Henry Threadgill

Henry Threadgill..... Composer, multi-instrumentalist and bandleader has been a seminal figure in the vanguard of contemporary instrumental music since the early-70's. He has created a body of music that includes more than 150 recorded works which, while firmly rooted in America's Great Black Music tradition, often integrate forms and instruments historically associated with chamber or orchestral music. It's no surprise that Threadgill won Best Composer honors in Down Beat's International Jazz Critics Poll in 1990, 1989 and 1988, when he placed in 11 categories and had two albums nominated as Record of the Year. A more remarkable tribute to his talent and craft is the fact that he received the composer award in 1988 and 1989 from Down Beat's Readers as well.

Threadgill's music has been performed by some of the most acclaimed and adventurous instrumental ensembles of the past two decades: the trio Air, which emerged from the core membership of Chicago's visionary cooperative the Association for the Advancement of Creative Musicians (A.A.C.M.) to become one of the most influential bands of the '70s and early '80s; the resourceful seven-piece Sextett he formed in the early '80s and led through the advent of the '90s; such speciality units as X-75, his 20-piece Society Situation Dance Band and his Marching Band; and his current group, Very Very Circus. He has also received diverse commissions ranging from music for small ensembles such as the Roscoe Mitchell and Rova Saxophone Quartets, to larger works for the American Jazz Orchestra "Salute to Harold Arlen", the Brooklyn Academy of Music's Next Wave Festival and the Brooklyn Philharmonic.

Born in Chicago in 1944, Threadgill began playing music when he was five, inspired by an aunt who was a classical pianist and vocalist. He started taking piano lessons when he was nine and picked up the saxophone when he entered high school, starting out on tenor and additing the alto when he began playing in a church band. He cites tenor saxophonists Lester Young and Wardell Gray as early influences, followed by Gene Ammons, John Coltrane, and Sonny Rollins. Saxophonists Johnny Hodges, Charlie Parker, Eric Dolphy and Ornette Coleman were later inspirations on alto. Threadgill continued his formal musical education at Wilson Junior College and received a degree in flute and composition from the American Conservatory of Music. It was at Wilson that he first met Muhal Richard Abrams, an important mentor whose Experimental Band of the early-'60s would evolve into the A.A.C.M. Threadgill played with Abrams band briefly, but eventually decided to concentrate on playing in church orchestras, dance bands and college ensembles before going into the army where he was a musician in the infantry in Vietnam from 1967 to 1968.

After returning to the U.S., Threadgill finished his service based near St. Louis where he spent most weekends with Oliver Lake, Julius Hemphill and other members of another cooperative, the Black Artists Group (B.A.G.). Upon his discharge in 1969, he returned to Chicago, sought out Abrams, joined the A.A.C.M. and met bassist Fred Hopkins and percussionist Steve McCall. The three formed the trio Air in 1972 and the ensemble went on to record a dozen critically-acclaimed albums and tour throughout North America, Europe and Japan before disbanding in 1985.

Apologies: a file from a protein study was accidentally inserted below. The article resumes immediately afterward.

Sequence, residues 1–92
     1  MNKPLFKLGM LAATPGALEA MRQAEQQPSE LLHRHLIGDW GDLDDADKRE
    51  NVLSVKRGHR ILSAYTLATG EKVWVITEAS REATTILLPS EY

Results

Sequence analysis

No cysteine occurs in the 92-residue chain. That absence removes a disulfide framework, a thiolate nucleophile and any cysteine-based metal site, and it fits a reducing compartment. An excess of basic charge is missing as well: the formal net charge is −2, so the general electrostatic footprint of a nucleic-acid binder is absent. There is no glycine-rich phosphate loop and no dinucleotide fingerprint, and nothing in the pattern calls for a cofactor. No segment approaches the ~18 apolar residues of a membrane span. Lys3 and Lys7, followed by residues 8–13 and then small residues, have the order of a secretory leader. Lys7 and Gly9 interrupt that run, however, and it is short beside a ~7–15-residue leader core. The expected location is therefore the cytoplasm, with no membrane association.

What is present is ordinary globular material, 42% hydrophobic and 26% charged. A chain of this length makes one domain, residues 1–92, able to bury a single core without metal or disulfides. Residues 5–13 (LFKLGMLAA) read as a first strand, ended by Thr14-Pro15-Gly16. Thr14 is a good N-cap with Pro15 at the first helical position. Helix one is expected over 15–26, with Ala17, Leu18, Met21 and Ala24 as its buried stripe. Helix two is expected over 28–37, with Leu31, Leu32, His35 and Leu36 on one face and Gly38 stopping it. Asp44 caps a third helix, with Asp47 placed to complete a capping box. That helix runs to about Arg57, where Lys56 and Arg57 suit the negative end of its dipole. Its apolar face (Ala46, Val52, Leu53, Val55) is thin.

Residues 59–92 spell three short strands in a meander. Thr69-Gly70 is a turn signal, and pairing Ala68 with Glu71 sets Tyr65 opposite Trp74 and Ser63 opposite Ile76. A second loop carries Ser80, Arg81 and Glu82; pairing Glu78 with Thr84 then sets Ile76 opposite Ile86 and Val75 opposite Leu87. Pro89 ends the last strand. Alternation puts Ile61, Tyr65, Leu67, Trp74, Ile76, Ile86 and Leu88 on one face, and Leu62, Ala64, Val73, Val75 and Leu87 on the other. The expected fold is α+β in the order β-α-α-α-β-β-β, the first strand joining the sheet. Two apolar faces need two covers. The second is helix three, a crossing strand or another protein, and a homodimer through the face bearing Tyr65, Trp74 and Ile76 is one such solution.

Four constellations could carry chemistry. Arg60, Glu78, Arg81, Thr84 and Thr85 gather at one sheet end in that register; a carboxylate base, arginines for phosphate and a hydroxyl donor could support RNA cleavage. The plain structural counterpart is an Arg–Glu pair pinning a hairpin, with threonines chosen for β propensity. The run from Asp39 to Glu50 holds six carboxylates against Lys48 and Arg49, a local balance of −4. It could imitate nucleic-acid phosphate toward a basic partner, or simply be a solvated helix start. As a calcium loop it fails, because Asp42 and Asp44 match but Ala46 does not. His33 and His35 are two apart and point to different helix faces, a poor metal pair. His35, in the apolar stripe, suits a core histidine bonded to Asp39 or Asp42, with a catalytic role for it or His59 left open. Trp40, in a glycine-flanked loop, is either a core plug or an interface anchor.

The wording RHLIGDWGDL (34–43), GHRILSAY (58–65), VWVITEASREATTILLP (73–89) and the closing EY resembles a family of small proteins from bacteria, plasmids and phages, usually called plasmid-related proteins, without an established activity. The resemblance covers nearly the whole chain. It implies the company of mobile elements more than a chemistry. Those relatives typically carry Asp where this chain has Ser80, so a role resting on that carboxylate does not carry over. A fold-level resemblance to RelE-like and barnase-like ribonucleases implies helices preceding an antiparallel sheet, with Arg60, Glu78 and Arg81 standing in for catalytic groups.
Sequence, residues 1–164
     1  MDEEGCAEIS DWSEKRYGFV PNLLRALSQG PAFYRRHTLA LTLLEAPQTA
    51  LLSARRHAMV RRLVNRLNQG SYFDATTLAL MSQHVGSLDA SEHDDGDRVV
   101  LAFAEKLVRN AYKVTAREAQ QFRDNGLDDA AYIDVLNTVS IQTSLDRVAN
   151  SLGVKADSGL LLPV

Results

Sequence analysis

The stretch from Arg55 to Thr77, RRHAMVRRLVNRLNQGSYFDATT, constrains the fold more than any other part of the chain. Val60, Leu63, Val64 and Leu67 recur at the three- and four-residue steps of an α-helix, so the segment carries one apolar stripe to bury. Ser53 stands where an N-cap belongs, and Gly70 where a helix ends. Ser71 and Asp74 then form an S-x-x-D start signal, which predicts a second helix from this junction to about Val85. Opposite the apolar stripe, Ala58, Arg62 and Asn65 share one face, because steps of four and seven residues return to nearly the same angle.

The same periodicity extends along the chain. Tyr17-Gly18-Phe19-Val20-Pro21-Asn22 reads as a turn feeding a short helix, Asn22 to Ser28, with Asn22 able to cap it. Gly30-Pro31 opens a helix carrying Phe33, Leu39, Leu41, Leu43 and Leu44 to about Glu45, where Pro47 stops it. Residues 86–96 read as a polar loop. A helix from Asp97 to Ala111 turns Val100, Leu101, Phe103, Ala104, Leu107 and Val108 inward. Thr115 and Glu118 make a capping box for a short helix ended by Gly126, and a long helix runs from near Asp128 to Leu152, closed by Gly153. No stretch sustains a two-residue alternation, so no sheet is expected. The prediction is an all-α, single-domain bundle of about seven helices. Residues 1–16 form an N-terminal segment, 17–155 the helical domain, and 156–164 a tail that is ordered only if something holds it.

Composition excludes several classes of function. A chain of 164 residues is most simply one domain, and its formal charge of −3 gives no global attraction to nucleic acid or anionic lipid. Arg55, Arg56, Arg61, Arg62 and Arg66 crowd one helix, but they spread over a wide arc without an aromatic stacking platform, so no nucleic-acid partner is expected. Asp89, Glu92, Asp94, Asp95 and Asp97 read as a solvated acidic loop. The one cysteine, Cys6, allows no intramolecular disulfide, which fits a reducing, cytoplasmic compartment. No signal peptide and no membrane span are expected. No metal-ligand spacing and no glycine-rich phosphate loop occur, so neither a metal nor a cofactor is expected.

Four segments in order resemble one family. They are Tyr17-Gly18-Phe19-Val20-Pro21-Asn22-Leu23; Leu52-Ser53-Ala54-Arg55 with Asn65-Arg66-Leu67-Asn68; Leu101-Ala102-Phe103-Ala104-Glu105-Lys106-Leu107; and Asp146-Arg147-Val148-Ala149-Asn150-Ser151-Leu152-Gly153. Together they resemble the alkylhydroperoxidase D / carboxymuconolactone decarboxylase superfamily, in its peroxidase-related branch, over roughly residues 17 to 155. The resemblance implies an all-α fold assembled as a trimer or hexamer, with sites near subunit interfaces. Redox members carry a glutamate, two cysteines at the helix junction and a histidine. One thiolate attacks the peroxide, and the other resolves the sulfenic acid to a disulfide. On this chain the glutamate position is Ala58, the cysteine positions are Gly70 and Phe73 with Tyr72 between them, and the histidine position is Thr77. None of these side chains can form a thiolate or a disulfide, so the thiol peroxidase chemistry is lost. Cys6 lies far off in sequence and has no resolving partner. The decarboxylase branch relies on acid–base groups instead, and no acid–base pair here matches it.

Threadgill moved to New York City in 1975 and quickly became an integral and influential member of creative circles flourishing in lower Manhattan's lofts and clubs. He also began connecting with writers, poets, dancers, actors and artists active in the "downtown" scene, an experience he cites as a major influence on his development as a composer and musician. Black musicians began to be invited to partecipate in different projects and began working with dance and theater companies and Threadgill would write music for them that was instrumental but not necessarily jazz; it could be whatever he wanted it to be, whether that meant improvised or composed. He still looks to dance and theatre - as well as to the worlds of radio, film and video - for inspiration and stimulation today. Feeling the general climate for music in New York has become more conservative in recent years, Threadgill is constantly taking advantage of opportunities to take his band out on the road. His two "Great American Tour" found him visiting more than two dozen cities in the U.S. and Canada with the "Sextett" in 1984 and "Very, Very Circus" in 1991 and he performs annually at leading jazz festivals in North America, Europe and Japan.

Threadgill sees himself as an artist in a state of constant change, and views his creative process as an ever-evolving one. "I don't perceive what I'm doing in a finite sense, but on a certain level my music can be seen as part of a continuum", he explains. "Take the groups I've worked with, for example. "Air" came about a personal way when three people who played certain instruments made a creative connection. With the "Sextett", I consciously wanted strings, brass and percussion - the three components of an orchestra - represented so I chose the instrumentation first and found the people later. With "Very, Very Circus" I'm looking for a whole different type of texture, something similar to what Miles Davis was doing when he "went electric" and recorded "Bitches Brew", or what Ornette did when he formed the group "Prime Time". But I've also combined the tuba, one of the earliest instruments in jazz and the forerunner of the bass, with the electric guitar, a comparatively recent instrument. So in "Very, Very Circus" I've got a new ensemble that can look both forward and backward and pay its respects to various traditions while building upon them. This is what I hope my music has always done and will always continue to do".